Lenovo is setting out to make a new name for itself.
By most accounts, Lenovo Group Ltd., created in May when Lenovo closed it multibillion-dollar purchase of IBMs PC division, saw its first 100 days pass by smoothly.
Despite some channel partners complaints of a shortage of its desktops, the company was able to protect its combined market share, while beginning the job of establishing its new identity—thus far its marketing has centered on its Think brands—and it even made some gains in notebook customer satisfaction against rivals Dell Inc. and Hewlett-Packard Co.
But despite turning in a solid second quarter, in which it turned a profit and gained back the market share it lost during the first quarter, the new Lenovo has its work cut out for it.
During the coming quarters, the company must continue to protect its corporate accounts while it begins executives on its plan to entering new markets, including selling consumer PCs in the United States again—all in an effort to boost its shipments and make gains in the Dell and HP-dominated PC market.
"The long term goal [of Lenovo] is world domination. It made the investment [in IBM] because it wanted to go to number two or number one [in the worldwide PC market]. The way to do that its going to have to expand its share, big time," said Leslie Feiring, analyst with Gartner Inc.
Lenovo is already moving on that plan. However, its getting started small, with an effort to entice smaller businesses and some consumers to its ThinkPad line.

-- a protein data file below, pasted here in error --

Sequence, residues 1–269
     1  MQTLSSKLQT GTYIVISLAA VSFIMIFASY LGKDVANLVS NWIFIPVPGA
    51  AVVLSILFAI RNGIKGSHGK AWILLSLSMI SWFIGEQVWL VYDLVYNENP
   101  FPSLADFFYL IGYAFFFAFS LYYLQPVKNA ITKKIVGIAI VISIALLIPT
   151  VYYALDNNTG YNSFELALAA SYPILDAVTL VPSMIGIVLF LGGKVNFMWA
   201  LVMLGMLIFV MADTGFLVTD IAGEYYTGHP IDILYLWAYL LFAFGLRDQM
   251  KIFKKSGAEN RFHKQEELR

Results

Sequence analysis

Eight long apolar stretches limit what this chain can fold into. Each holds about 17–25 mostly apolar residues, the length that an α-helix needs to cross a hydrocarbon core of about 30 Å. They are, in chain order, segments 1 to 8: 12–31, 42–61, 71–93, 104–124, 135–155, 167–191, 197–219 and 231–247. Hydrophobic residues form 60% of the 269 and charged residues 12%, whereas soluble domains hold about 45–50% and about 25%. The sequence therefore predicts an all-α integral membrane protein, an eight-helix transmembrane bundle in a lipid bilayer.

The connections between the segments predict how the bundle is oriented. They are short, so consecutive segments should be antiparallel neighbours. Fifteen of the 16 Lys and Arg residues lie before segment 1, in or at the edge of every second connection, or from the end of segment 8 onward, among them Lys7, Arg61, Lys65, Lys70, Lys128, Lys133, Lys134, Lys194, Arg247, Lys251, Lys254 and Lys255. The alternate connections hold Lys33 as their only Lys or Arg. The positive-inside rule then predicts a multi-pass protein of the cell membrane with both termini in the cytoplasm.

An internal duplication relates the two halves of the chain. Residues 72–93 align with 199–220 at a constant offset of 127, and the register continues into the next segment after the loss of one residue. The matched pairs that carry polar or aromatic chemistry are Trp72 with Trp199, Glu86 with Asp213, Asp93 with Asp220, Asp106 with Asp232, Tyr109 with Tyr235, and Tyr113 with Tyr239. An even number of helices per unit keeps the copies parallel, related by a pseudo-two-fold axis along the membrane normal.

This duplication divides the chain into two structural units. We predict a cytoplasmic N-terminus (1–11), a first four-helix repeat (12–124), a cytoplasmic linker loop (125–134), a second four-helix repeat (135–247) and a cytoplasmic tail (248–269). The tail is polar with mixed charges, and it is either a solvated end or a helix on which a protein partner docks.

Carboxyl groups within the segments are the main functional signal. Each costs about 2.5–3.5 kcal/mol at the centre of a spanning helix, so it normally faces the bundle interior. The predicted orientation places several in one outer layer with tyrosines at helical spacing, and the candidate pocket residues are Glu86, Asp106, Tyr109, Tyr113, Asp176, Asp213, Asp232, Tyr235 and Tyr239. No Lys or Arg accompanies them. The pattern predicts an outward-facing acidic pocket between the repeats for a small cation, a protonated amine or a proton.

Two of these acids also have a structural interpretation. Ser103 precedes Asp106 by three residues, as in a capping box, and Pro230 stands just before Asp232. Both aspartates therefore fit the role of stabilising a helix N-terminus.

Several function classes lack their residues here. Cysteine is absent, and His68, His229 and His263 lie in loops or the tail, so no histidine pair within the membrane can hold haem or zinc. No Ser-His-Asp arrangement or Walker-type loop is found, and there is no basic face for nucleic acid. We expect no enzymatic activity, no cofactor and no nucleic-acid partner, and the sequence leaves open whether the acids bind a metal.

It will unveil a new multimedia-oriented, widescreen ThinkPad Z series, in September.
The line will offer models with 14-inch or 15.4-inch wide screen displays along with high-performance graphics and a full compliment of multimedia ports, including IEE 1394 port, sources familiar with Lenovos plans said.
The machines are expected to start in the $1,200 to $1,500 range.
But the company wont stop there. Its also working on an entirely new line of consumer machines, some of which it may transplant from its China operation, and a branding strategy to go with them.
Although it hasnt finalized its plans yet—it could still create a sub-brand under Lenovo for the machines—it appears to be leaning toward affixing its consumer products with the Lenovo brand name, emulating strategies such as Toyota Motor Corp.s Toyota-Lexus model.
The auto maker markets Lexus models as premium autos, which include more features and thus sell for higher prices than its Toyota models.
The Think-brand products are Lenovos equivalent of Lexus models.
Its consumer machines, which would be branded as Lenovo models, would be its Toyota-equivalent.